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Why You Should Backup Your CD Collection

Backing up your CD collection is a great way to ensure that you don’t lose your music. Physical media is prone to many issues that digital files are not. CDs can be scratched, lost, or damaged. Without a backup, you may need to repurchase your music. With digital files, you are safe from needing to spend extra money on purchases you already bought once.

What Data Should I Backup?

Backing up your data is important, but it’s important to distinguish which data needs to be backed up. Creating a backup of your entire computer, while ideal, is not practical for most people, especially when using an online backup solution.

For most people, the two most important types of files needed to backup are photos and documents. Programs can be re-downloaded and software re-installed, but photos and documents can easily become irretrievable. One method of making sure your most vital data is stored is to use an online backup solution–such as BackupStuff–to save a specific folder online. If you create a folder that houses a separate copy of your important files, you can set this folder to automatically backup your content.

Other than photos and documents, some other ideas of what you may wish to backup are as follows:


  • Music
  • Video game save files
  • Projects created in various programs
  • School Assignments
  • PST or other Email Backups

How to Configure how Often Backups are Saved with BackupStuff

BackupStuff offers a large amount of customization for how your backups are handled. Whether you want to backup your files every fifteen minutes, or you only want to create a backup each month, BackupStuff allows you to do so. A large business with constantly changing files may wish to backup their content frequently, whereas a computer that is only rarely used would need more infrequent backups. To configure your BackupStuff client, please do the following:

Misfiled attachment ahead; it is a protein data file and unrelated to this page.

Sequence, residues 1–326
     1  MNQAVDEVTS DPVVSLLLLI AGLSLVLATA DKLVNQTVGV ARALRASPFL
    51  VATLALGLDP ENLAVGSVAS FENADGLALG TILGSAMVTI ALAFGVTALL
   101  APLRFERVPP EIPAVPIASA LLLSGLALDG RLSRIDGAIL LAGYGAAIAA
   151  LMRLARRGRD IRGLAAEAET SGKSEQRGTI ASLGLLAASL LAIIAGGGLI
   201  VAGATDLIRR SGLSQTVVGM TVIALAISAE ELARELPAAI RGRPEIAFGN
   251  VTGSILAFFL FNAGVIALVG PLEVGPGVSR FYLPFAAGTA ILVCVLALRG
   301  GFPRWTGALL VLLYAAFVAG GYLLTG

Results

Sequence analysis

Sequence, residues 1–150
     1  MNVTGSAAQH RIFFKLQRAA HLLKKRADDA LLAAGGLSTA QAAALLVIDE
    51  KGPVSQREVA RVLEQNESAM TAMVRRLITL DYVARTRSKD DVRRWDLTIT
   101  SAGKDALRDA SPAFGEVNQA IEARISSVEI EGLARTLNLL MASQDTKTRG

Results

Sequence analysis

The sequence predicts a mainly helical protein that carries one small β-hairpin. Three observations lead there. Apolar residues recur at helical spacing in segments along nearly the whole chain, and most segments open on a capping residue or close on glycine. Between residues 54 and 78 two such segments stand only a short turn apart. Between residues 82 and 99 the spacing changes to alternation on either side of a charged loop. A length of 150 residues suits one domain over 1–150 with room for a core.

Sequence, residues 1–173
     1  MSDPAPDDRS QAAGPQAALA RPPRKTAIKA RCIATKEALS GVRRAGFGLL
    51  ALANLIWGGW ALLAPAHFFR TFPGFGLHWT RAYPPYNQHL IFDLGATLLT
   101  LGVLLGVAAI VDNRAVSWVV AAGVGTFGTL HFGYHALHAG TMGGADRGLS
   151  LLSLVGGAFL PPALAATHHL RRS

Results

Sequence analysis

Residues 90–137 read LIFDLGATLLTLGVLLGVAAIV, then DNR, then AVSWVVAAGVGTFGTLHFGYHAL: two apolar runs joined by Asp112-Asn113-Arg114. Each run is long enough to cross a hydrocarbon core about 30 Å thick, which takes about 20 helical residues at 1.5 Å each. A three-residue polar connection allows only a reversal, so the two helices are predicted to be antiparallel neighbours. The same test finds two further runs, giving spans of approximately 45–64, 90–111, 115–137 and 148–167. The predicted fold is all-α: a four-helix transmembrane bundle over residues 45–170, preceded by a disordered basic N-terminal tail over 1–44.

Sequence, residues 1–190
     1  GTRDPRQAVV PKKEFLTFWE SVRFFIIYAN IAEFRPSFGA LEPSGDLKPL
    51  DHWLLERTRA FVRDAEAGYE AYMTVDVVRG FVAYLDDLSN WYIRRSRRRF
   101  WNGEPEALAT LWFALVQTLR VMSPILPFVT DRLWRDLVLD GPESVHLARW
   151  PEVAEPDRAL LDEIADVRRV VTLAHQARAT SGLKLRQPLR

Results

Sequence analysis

Using Canadian Cloud Storage to Backup Your Pictures

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The way we take photos has changed. Where we used to fill up photo rolls and pay to develop our pictures, most of us have switched to storing our photos digitally—and for good reason. Nearly everyone has a smartphone, iPod, or other device on them that allows in-the-moment pictures to be taken. We can share memories in ways we never used to, and it no longer costs us money to view those pictures after they’re taken.

The problem with keeping our images stored digitally is that they are far more easily lost. The average hard drive lasts between 5-10 years, and many people do not realize that backups need to be made to preserve their data. Even those that do create backups often only keep them in one place, and that place is usually in the same location as the primary storage device.


3 Signs that your Hard Drive is Failing

When your computer has been running without issue, it can be easy to forget the importance of backing up your data. Even when issues begin to arise, you may not recognize the symptoms of a failing hard drive. Unfortunately, if these issues are left unchecked, it can lead to the loss of important data.

Below are three signs that your hard drive may be on its way out.